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Outdooring

 

 
 
 
In Northern Ghana, she says, the Ga hold a naming ceremony

for every newborn, eight days after a mother gives birth at home.

 

It’s the first time the child sees the outside world, now limitless,

like an alligator emerging from a sewer, crawling out from the deep,

 

into the world, onto the street, its tail knocking down recycling bins,

awkward, like a curvy flyer with a small bladder in economy class,

 

or a student with ear buds giving a piggy-back ride to a stuffed

backpack in the ATM line; or a bro spreading on the subway;

 

the eyes weak, blind, adjusting to light, to whatever this world

is on the other side of the pipe. Adinto: a debut, an “Outdooring.”

 

The Ga say the week after a baby is born, it isn’t yet human;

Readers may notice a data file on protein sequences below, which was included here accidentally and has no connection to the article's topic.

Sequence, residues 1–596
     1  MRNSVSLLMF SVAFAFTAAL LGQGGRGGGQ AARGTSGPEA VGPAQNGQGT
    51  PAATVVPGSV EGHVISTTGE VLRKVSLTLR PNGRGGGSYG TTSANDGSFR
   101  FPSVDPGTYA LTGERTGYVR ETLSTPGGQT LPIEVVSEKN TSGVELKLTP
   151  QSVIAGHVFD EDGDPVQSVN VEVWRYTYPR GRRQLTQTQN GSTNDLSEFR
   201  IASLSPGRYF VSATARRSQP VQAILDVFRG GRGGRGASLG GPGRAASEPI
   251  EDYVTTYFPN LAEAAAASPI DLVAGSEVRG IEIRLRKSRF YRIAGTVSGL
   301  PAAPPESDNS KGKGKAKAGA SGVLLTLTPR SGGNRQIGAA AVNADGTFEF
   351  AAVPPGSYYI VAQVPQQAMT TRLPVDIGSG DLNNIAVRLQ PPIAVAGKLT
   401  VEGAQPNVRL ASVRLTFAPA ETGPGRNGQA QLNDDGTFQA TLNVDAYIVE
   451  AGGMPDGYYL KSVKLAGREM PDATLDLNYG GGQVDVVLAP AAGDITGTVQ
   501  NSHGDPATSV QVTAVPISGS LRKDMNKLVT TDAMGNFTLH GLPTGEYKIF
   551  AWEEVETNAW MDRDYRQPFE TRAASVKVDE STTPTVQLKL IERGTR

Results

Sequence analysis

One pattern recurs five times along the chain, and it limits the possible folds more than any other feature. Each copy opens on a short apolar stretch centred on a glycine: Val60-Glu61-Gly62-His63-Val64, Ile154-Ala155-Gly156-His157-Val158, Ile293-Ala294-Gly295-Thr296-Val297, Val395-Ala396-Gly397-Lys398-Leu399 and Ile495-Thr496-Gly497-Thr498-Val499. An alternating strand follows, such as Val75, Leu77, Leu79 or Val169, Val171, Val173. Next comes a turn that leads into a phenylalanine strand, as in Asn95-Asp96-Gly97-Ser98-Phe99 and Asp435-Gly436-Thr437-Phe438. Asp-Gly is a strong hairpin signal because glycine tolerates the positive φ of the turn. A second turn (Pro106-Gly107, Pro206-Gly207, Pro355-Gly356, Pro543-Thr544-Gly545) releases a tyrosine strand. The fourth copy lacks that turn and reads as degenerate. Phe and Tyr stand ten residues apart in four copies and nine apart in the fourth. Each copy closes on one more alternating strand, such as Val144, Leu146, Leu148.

it’s outside the body, yet it’s as if it’s inside — not a fetus, a non-

 

human thing, but a stranger, a visitor from beyond, a God

in the womb — and for a week, in the world. A foreign creature.

 

The passing through isn’t sudden, isn’t infant, isn’t death,

because the thing is an orphan without a name. It survives

 

in the sewer, in the deep indoors, empty in front of the beam

of the flashlight, beneath the world of the city — because birth

 

is like dying, expansive, the head in the shape of a balloon,

caught in a storm drain, circling, never having to exhale.

 

 

 

Jeanette Beebe is a Princeton, N.J.-based poet and freelance journalist. Born and raised in Iowa, she currently reports for WHYY-FM, the NPR member station in Philadelphia, and other outlets. Her poetry has recently appeared or is forthcoming in Crab Creek Review, Nat Brut, Rogue Agent, Side B, and Tinderbox Poetry Journal. She holds an A.B. in English with certificates in Creative Writing and Gender and Sexuality Studies from Princeton University. At Princeton, she wrote a book-length senior poetry thesis, co-edited Prism Magazine, and was awarded the Morris W. Croll Poetry Prize, the Emily Ebert Junior Prize, and the A. Scott Berg Fellowship. Her poem “Adopted” won first prize in the Iowa Poetry Association’s Lyrical Iowa competition.